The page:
The Southeast Alaska Coastal Monitoring survey has assessed the status of the pelagic ecosystem in Southeast Alaska annually since 1997 using fish, zooplankton, and oceanographic samples. It is one of the longest continuous annual surveys of its type in the North Pacific. This survey will be conducted aboard the Alaska Department of Fish and Game research vessel R/V Medeia. Sampling will occur during two surveys: from June 18 to 23, and from July 26 to August 4. Juvenile fish abundance and oceanographic data collected during the survey provide reliable forecasts of abundance of commercially important species to fisheries managers and stakeholders. Survey data are also used to describe ecological response to climate change. Since 2018, the survey has been conducted through a partnership between NOAA Fisheries and the Alaska Department of Fish and Game. It is currently funded by the Pacific Salmon Commission's Northern Fund and the 2016 Gulf of Alaska pink salmon fishery disaster relief fund.Red lines indicate survey transects along which echosounder data are collected and trawling is done. Credit: NOAA Fisheries.
The biennial Gulf of Alaska summer acoustic-trawl survey will be conducted aboard the NOAA Ship Oscar Dyson from June 1 to July 11. It will be conducted in two 20-day legs beginning and ending in Kodiak, Alaska. The survey covers the Gulf of Alaska shelf and bays from the Islands of Four Mountains to Yakutat Bay. This year, the length and resolution of the survey has been reduced due to the COVID-19 pandemic. Using a combination of echosounder data and trawl catches, we estimate midwater walleye pollock size and age distribution and abundance. We also collect data on other midwater fish (Pacific Ocean perch, capelin), plankton species (euphausiids), and information on the physical environment (temperature, salinity, etc.). The fish data obtained from the survey are provided to the resource managers, and are an important contribution to annual stock assessments. Data on euphausiids (krill) are incorporated into ecosystem status reports and Ecosystem Socio-economic Profiles.
The Pacific Marine Assessment Program for Protected Species (PacMAPPS): Gulf of Alaska Cetacean Survey will be conducted aboard the NOAA Ship Oscar Dyson from July 28 to August 26. Very few surveys for cetaceans and whales have been conducted in this region. Quantitative information on their density and distribution, particularly in the offshore area, is limited. Updated temporal and spatial information is needed on the distribution and density of whale species for analyses used in environmental planning documents. It is also used for consultations under the Marine Mammal Protection Act and Endangered Species Act. This project will be conducted with support from the U.S. Navy, which is providing funding for the operational aspects of the survey. Although this survey will be designed to collect information on whales, opportunistic sightings of other marine mammals-such as pinnipeds and sea otters-will also be recorded.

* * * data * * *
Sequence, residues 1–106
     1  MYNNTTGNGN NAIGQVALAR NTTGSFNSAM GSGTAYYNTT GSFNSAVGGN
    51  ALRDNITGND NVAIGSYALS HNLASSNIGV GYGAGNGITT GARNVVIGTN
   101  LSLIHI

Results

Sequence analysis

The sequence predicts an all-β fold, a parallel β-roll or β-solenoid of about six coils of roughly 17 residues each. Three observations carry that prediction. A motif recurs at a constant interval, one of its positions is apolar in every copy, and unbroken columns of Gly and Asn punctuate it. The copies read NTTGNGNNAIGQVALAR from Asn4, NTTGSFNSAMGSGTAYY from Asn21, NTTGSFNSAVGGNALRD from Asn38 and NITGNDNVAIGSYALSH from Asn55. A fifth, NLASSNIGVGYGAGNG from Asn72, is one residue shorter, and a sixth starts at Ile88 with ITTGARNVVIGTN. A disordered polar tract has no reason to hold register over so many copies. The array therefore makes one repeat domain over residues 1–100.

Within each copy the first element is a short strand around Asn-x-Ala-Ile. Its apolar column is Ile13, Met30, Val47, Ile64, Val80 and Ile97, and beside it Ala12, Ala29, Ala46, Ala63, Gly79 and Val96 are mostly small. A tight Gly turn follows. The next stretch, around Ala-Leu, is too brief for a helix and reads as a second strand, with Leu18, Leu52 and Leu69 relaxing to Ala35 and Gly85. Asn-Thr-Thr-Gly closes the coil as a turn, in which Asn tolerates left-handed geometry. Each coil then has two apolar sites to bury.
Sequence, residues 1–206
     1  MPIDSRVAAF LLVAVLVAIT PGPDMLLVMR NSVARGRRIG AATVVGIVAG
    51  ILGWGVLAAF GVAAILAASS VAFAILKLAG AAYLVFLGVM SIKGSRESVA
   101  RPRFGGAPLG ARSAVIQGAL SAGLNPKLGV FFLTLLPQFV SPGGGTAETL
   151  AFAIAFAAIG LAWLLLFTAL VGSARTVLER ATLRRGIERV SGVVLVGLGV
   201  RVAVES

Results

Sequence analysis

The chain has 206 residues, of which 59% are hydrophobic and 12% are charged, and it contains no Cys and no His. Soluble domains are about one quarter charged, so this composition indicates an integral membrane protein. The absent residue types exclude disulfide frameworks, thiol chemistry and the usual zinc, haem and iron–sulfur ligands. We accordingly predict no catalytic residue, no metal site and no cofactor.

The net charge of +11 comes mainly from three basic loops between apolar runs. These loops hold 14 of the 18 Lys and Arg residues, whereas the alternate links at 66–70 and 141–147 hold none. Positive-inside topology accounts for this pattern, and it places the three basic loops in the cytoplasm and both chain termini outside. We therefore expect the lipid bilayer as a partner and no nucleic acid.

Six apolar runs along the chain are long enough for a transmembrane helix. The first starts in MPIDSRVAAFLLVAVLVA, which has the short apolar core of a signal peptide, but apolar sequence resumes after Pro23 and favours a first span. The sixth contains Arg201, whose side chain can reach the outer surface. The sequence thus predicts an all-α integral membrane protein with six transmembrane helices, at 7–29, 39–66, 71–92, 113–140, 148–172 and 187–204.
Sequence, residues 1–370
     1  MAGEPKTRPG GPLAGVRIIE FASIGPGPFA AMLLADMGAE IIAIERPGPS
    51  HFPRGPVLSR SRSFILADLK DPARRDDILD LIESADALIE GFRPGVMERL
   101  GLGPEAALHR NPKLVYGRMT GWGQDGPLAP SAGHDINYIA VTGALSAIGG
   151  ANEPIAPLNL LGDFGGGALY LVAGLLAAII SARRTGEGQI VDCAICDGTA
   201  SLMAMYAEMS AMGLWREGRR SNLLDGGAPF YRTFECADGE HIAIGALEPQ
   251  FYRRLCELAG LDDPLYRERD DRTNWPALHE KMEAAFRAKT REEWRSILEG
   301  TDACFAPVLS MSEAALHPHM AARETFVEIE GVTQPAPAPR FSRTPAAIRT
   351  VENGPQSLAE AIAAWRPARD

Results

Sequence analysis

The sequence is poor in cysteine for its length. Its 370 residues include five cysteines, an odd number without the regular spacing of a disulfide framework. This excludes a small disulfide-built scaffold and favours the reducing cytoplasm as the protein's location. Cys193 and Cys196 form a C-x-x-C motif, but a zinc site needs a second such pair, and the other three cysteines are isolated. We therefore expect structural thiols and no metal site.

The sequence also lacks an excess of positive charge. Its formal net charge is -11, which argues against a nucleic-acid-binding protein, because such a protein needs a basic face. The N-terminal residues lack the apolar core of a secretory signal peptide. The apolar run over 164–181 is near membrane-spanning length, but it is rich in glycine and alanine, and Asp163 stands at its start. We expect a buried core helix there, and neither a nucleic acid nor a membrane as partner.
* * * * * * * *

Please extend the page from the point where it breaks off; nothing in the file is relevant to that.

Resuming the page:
The PacMAPPS surveys supported by the Navy began in 2017, and have so far included:
The Gulf of Alaska is now the only area within the PacMAPPS rotation that remains to be surveyed. Data collected during the survey will provide updated density estimates. This information will support the Navy's acoustic effects analysis required for environmental planning documents and consultations. These data will also support further understanding and the development of updated population abundance estimates for key whale stocks. Primary target species include North Pacific right, blue, sperm, and fin whales, all of which are endangered, and beaked whales. Visual information will be collected on all species, and acoustic information will be collected for all species except porpoises and some beaked whales.Station locations for the northern Bering Sea surface trawl and ecosystem survey, 2021. Credit: NOAA Fisheries.
NOAA Fisheries conducts cooperative surface trawl and ecosystem surveys in support of ecosystem research on salmon and other pelagic nekton in the northern Bering Sea. These surveys have provided annual assessments of the status of salmon stocks and the pelagic ecosystem in the northern Bering Sea since 2002. The 2021 survey will be conducted aboard the F/V Northwest Explorer from August 27 to September 20, starting and ending in Dutch Harbor, Alaska. Principal funding for the survey is provided by the Alaska Sustainable Salmon Fund in support of research and management of salmon stocks harvested for subsistence purposes. In-kind support is provided by the Alaska Fisheries Science Center, Alaska Department of Fish and Game, and U.S. Fish and Wildlife Service.
'Long term, scientific surveys and the process studies and analysis that accompany them are really important,' added Foy. 'The information we collect is essential because these marine ecosystems provide jobs, a stable seafood supply for U.S. citizens, and help preserve a traditional culture based on subsistence harvesting that has endured for centuries.'